In some areas, it was obvious that violent storms had shaped the forest. I would not have wanted to be there when this massive tree fell across the trail!
Can you imagine the sound when this giant came crashing down??
After climbing for a half hour or so, we arrived at Julia Woodward Falls. There were striking boulders, a wooden bench, and a sweet little waterfall.
Doing a bit of boulder scrambling up the trail alongside the creek provided a fun discovery. Over many, many years, the water coming down the mountain had carved a trough through the rock - and this is what created the waterfall. What a beautiful green glorious sight it was, looking back down the ravine. Check out this tree, clinging to the rock with its feet. I wonder how it came to be this way, crooked and bent and poking out over the cascading water?
("Enough of the picture taking - can we go already??")
Saying goodbye to the falls and heading back down in search of the connector trails, it was nice to discover that the intersections were all well marked.
The only moment of uncertainty came upon arriving at a wooden footbridge over a rushing stream blocked off with yellow caution tape. The final trail intersection, according to the map, was just on the other side of the "broken" bridge. Hmmm.
A look at the stream below quickly put to rest the brief thought of a water crossing. But upon closer examination, it appeared that the caution tape was in place because of broken railings, not any inherent problem with the bridge itself. And the final bit of convincing evidence was that the tape barrier on both sides showed evidence of hikers having disregarded the warning. On the close side it was hanging low as if it had been stepped over, and on the far side it was down altogether. And since there were no broken boards in the middle of the bridge or broken hiker bodies in a heap below the bridge, off we went.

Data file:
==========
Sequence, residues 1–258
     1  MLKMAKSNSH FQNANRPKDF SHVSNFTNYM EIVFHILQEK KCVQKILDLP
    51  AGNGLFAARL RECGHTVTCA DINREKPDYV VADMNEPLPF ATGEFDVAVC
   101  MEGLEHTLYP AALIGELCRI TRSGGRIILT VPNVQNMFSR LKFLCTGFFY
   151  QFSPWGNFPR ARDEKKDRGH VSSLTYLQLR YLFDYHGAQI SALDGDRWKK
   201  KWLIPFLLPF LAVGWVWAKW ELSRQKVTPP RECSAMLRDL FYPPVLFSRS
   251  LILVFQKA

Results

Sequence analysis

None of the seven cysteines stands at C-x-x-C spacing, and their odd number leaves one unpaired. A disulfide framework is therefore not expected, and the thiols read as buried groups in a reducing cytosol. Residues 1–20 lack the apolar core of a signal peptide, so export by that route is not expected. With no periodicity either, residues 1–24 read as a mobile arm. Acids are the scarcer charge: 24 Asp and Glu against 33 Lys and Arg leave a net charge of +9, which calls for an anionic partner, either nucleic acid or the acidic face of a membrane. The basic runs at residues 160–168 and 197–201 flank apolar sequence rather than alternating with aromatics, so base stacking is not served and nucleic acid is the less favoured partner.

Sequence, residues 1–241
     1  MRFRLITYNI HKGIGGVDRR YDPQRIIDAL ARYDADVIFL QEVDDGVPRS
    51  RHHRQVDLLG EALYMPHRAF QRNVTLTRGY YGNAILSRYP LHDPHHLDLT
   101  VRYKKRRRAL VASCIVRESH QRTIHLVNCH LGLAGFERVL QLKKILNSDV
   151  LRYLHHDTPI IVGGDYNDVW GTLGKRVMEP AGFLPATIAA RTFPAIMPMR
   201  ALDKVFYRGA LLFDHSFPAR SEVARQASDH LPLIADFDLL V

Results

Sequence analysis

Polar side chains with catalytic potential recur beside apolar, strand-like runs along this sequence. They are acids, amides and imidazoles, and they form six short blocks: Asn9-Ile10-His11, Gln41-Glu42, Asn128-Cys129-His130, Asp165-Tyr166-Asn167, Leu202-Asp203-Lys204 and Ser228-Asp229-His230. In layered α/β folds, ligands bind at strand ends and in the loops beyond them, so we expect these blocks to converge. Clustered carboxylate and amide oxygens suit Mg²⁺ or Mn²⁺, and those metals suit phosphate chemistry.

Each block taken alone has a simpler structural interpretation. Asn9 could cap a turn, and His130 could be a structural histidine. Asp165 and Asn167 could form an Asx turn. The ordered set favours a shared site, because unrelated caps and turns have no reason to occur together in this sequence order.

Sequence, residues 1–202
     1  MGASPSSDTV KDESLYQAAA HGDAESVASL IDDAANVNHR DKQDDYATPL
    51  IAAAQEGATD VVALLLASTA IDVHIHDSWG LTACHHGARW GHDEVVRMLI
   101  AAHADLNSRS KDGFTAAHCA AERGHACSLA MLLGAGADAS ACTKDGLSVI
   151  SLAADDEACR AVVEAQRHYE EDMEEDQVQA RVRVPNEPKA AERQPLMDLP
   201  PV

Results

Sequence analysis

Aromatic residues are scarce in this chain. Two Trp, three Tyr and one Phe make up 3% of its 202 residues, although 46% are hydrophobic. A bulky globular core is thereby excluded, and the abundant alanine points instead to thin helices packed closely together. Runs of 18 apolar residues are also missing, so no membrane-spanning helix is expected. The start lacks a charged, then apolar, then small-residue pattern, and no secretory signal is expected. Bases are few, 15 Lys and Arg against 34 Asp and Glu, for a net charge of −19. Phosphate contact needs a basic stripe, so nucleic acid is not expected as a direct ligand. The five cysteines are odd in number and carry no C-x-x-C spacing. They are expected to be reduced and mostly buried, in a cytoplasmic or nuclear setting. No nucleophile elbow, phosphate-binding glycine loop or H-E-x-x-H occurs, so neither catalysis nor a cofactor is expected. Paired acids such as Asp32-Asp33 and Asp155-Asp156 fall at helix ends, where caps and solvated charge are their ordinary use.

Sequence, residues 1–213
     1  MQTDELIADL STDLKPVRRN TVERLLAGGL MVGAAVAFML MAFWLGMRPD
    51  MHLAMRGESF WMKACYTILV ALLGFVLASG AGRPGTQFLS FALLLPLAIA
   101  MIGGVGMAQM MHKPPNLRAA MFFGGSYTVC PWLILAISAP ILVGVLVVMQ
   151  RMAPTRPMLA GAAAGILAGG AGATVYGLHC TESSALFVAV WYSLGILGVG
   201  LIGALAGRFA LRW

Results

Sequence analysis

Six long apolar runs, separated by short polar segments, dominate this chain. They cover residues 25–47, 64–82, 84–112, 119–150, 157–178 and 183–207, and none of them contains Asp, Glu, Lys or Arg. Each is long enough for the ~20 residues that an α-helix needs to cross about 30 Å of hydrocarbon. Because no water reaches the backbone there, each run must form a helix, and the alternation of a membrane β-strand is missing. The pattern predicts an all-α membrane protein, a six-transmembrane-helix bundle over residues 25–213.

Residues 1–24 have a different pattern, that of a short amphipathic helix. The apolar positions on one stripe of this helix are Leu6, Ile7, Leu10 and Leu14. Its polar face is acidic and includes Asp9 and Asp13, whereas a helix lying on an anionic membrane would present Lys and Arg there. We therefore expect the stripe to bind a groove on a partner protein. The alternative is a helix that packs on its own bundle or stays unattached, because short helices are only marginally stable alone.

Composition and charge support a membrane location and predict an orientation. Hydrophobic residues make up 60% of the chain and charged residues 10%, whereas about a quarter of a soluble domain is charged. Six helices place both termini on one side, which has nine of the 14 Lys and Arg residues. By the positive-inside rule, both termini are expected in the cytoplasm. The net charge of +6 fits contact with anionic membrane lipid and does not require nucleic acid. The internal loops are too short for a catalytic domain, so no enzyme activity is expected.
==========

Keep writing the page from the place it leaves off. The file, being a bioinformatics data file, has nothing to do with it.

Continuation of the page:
Photo taken after the successful crossing! Indeed, the next trail intersection was right there on the other side. Glad we didn't have to turn around and go back! This helpful sign was a bit farther past the intersection. Made me wonder how many hikers had inadvertently wandered off into the wilderness looking for the parking area before this sign was posted.
After another hour or so of hiking, meandering, sniffing every leaf and rock, and taking photos, we made it back to the upper parking area. Happy and filled up with all the good things that come from time spent in the woods, we trekked back to the truck and piled in, the first raindrops of the day splatting down in one of those moments of perfect timing.
An information board located near one of the other trailheads off the parking lot contained a wonderful quote by John Muir. I hope you have enjoyed seeing the photos from our hike, and I will close this post with his words.
"Climb the mountains and get their good tidings. Nature's peace will flow into you as sunshine flows into trees. The winds will blow their own freshness into you, and the storms their energy, while cares drop off like autumn leaves." John Muir